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Comment Re:Innovation in perspective (Score 1) 206

Yes, but he also wasn't Jonas Salk or Ghandi or Pasteur or Einstein or Justus von Liebig or any of a thousand others who had far greater impact of human life and culture and health. He had a brilliant design sense and he was a brilliant marketer but this whole "He changed the WORLD!" thing is more than a little overblown.

He made better gadgets and made a metric crapload of money doing it. More power to him, but his contributions are incremental and not terribly important.

Comment This is what you get (Score 1) 794

(as others have noted) when you filter at all.

By opting to edit "objectionable material" they have opened themselves up to this.

I think people who think gayness can be "cured" are idiots. But for all I know these app developers are actually following my personal code of business ethics: "1. A fool and his money are my target market, and b. It is morally wrong to allow stupid people to keep their money."

(Or is this a free app?)

I'm firmly of two minds: The first is my standard response whenever anyone objects to any media content: You don't have to buy/watch/listen. There's an "off" switch. Use it.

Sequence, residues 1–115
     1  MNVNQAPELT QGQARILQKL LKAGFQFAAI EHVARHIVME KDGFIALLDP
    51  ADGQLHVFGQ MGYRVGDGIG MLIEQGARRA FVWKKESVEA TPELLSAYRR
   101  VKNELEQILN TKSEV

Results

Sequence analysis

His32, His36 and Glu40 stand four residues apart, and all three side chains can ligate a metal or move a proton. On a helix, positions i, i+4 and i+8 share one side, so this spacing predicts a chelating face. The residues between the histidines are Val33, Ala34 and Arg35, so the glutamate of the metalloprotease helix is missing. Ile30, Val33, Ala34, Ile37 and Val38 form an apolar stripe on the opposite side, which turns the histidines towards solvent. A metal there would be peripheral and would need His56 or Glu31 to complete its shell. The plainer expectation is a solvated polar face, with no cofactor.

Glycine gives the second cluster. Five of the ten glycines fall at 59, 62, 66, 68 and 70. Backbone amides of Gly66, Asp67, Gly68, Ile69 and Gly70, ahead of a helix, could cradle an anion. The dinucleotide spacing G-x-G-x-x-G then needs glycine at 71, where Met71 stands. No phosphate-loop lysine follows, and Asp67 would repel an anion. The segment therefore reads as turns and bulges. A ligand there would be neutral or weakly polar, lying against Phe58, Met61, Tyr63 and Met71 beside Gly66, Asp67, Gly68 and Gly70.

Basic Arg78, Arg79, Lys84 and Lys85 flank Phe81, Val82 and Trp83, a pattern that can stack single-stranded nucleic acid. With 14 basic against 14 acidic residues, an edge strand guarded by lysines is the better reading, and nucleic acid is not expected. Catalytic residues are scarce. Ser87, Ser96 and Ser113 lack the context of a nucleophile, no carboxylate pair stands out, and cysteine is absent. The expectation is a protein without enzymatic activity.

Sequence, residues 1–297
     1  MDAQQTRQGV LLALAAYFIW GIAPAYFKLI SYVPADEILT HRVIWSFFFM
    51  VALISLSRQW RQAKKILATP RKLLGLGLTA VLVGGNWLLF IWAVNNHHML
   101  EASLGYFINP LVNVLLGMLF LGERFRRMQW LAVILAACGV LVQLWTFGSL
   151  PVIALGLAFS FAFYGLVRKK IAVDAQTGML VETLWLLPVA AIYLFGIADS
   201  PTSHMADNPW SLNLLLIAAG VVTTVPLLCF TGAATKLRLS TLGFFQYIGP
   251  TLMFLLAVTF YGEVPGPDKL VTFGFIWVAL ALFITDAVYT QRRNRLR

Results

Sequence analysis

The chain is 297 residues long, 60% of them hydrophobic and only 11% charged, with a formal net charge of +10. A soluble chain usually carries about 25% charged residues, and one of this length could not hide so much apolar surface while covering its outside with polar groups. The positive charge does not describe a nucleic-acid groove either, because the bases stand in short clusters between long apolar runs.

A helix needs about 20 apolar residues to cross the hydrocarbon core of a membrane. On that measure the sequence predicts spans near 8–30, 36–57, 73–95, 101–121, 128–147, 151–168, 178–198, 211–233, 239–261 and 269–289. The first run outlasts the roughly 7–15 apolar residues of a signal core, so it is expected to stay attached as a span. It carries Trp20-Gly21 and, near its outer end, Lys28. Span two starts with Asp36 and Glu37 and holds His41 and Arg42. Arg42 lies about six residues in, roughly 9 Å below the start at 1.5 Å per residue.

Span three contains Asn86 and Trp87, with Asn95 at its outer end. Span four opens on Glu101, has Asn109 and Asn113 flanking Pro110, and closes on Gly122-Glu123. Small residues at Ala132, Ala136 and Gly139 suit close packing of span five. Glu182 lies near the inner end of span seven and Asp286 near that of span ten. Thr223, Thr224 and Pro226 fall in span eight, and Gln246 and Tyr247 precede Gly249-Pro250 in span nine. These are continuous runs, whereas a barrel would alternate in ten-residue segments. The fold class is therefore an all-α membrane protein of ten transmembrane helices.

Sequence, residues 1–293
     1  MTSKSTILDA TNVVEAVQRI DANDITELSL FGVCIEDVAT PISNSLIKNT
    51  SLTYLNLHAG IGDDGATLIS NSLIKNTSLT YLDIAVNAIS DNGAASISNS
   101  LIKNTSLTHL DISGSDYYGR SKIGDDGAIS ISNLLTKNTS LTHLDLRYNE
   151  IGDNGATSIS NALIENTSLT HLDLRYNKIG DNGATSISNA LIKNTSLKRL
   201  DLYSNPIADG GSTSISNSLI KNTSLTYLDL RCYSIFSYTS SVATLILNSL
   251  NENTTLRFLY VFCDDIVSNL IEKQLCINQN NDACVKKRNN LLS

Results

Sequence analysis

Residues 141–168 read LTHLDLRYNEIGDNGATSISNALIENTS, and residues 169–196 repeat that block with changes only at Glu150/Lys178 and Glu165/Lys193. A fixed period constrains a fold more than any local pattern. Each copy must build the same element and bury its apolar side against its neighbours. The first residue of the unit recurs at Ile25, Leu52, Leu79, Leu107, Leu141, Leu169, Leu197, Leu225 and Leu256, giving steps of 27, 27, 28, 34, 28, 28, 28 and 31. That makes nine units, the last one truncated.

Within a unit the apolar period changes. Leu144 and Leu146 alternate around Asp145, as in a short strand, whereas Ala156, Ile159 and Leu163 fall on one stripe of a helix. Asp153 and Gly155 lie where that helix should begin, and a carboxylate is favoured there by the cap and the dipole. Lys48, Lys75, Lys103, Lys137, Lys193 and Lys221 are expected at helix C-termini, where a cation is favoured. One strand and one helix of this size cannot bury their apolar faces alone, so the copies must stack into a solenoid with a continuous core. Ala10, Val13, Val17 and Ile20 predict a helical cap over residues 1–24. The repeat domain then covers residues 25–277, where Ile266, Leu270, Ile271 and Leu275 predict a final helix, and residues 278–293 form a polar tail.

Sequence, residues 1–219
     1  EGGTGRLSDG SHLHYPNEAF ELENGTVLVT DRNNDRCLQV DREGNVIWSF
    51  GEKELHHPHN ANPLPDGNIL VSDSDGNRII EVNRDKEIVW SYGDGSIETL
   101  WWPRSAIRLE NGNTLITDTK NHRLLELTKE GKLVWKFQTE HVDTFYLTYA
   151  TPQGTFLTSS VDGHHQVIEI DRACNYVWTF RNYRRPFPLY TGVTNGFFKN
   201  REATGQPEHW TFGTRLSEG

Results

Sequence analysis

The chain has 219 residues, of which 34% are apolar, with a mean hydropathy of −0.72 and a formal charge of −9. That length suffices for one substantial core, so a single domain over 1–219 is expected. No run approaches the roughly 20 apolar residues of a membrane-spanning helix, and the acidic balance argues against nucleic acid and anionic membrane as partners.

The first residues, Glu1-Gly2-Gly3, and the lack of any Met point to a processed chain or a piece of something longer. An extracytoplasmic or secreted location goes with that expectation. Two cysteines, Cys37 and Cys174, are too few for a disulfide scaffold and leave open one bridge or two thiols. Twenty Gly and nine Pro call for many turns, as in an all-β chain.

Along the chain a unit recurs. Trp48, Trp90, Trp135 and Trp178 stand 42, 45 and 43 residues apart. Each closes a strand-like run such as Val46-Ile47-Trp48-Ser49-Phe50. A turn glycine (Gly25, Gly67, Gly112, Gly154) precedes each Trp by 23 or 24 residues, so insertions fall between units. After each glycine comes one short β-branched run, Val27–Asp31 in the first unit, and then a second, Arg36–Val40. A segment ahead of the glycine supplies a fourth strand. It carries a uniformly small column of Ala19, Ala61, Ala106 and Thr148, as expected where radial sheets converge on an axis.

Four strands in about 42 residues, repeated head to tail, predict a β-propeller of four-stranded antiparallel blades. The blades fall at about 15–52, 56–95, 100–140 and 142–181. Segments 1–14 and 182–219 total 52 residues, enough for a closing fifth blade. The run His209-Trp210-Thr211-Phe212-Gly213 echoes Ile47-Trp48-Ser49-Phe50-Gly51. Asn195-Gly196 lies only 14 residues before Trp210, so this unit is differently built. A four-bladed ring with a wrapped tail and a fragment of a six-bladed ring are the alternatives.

The other mind is every company that appoints itself guardian of my content should have its arse sued into oblivion.

All I know is that my next device will be android. Not because of this specific case, but because of Apple's consistent impulse for control. The iPhone served me well as a user, but as a developer it rather sucks and the android platform and range of devices have come along nicely.


British Pizza Chain To Install Cones of Silence 122

itwbennett writes "British pizza chain Pizza Express is installing iPod docks and soundproof domes in booths of their new iPizzeria stores. 'The idea is that you can plug in your iPod and play whatever music you like without disturbing other diners,' says blogger Peter Smith. 'But I'm sure it'd work for talking about government secrets and other spy stuff, too.'"